بازنگری در فعالیت های "تحقیق و توسعه" مواد در ژاپن در رابطه با ساخت و ساز ITER و بهره برداری
|کد مقاله||سال انتشار||مقاله انگلیسی||ترجمه فارسی||تعداد کلمات|
|10255||2004||5 صفحه PDF||سفارش دهید||محاسبه نشده|
Publisher : Elsevier - Science Direct (الزویر - ساینس دایرکت)
Journal : Journal of Nuclear Materials, Volumes 329–333, Part A, 1 August 2004, Pages 178–182
This paper presents an overview of ITER-supporting materials R&D activities and major achievements in Japan during the period from the Co-ordinated Technical Activities to date. In view of the completed engineering design of ITER during the Engineering Design Activities period, R&D efforts since then have been focused on: those for reduction of component fabrication cost; those in support of domestic preparations of a structural technical code for construction; and those necessary for operation, and been extended to component-level testing rather than pure material testing. They cover materials R&D for in-vessel components, vacuum vessel, cryogenic steels of superconducting magnets and diagnostics components. Major achievements in each R&D area are highlighted and their impact or implication to the design, construction and operation of ITER is presented.
Extensive R&D had been conducted in Japan during the ITER Engineering Design Activities (EDA) mainly for selecting design choices and completing the engineering design. During the subsequent phases, in view of the progress of international negotiations towards construction and operation, R&D in this area has been extended to: those for reduction of component fabrication cost; those in support of domestic preparations of a structural technical code for construction; and those necessary for operation of the machine. From the viewpoint of reduction of component fabrication cost, cost-effective fabrication routes have been pursued for the divertor, and their performance under ITER relevant conditions has been examined. For the jacket material of the central solenoid conductor, alternate materials have been explored with a view to relaxing the constraints on the design and fabrication processes. As the vacuum vessel forms an essential part of the physical barrier to contain radioactive materials, its mechanical integrity, in particular, T-welded joints with a partial penetration, has been examined in support of domestic preparations of a structural technical code for construction. Towards ITER operation, a new approach to remove co-deposited layers of tritium and carbon by means of laser irradiation has been explored, and neutron irradiation testing of key diagnostics components has continued. In the following sections, outline and major achievements on ITER-supporting materials R&D activities in Japan after the EDA to date are described in a system-wise manner from internal to external components.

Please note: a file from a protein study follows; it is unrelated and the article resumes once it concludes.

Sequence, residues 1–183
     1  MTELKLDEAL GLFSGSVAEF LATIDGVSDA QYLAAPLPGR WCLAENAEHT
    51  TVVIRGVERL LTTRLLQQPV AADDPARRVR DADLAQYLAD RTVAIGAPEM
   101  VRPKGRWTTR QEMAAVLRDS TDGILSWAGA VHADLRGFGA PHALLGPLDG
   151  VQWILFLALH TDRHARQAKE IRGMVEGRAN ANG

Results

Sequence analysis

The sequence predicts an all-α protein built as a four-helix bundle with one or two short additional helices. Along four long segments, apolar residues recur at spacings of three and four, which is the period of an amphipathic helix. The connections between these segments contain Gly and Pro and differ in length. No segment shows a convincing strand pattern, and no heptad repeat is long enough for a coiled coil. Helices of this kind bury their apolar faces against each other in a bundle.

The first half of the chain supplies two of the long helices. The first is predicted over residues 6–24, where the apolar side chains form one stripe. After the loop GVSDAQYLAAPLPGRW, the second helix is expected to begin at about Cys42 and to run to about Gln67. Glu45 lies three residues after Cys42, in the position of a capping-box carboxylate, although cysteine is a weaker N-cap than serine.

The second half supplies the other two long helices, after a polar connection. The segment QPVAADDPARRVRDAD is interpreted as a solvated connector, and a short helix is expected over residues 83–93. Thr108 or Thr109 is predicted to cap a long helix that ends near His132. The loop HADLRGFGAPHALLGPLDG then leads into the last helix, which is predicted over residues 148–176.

نتیجه گیری انگلیسی
ITER-supporting materials R&D activities and major achievements in Japan during the period after the EDA to date are overviewed. R&D efforts during this period have been oriented to: those for reduction of component fabrication cost; those in support of domestic preparations of a structural technical code for construction; and those necessary for operation of the machine, and the following results have been obtained: (1) Two options, `rod-shaped tungsten armor' and `screw tube', have been proposed for the divertor, mainly for reducing the fabrication cost, and their adequate thermo-mechanical performance has been demonstrated under ITER heat load conditions. (2) An excimer laser irradiation technique has been proposed as a rapid and effective means to remove co-deposited layers of tritium and carbon retained inside the vacuum vessel, and effectiveness of this method has been demonstrated by applying to the carbon tiles with co-deposited layers as used in JT-60 and TFTR. (3) As a course of domestic preparations of a structural technical code for construction, a series of mechanical tests have been performed for the T-welded joints with a partial penetration to be applied in the vacuum vessel fabrication. It could be concluded that this type of welded joints are acceptable from the structural integrity viewpoints. (4) A new cryogenic steel, grade JK2LB, has been successfully developed for the jacket material of the central solenoid conductor, and it has been selected as the reference material, instead of Incoloy 908, due to improved mechanical properties even after the aging process. (5) Irradiation testing has been conducted for key diagnostics components (bolometer, optical fibers and magnetic coils), and critical issues to be examined further have been addressed.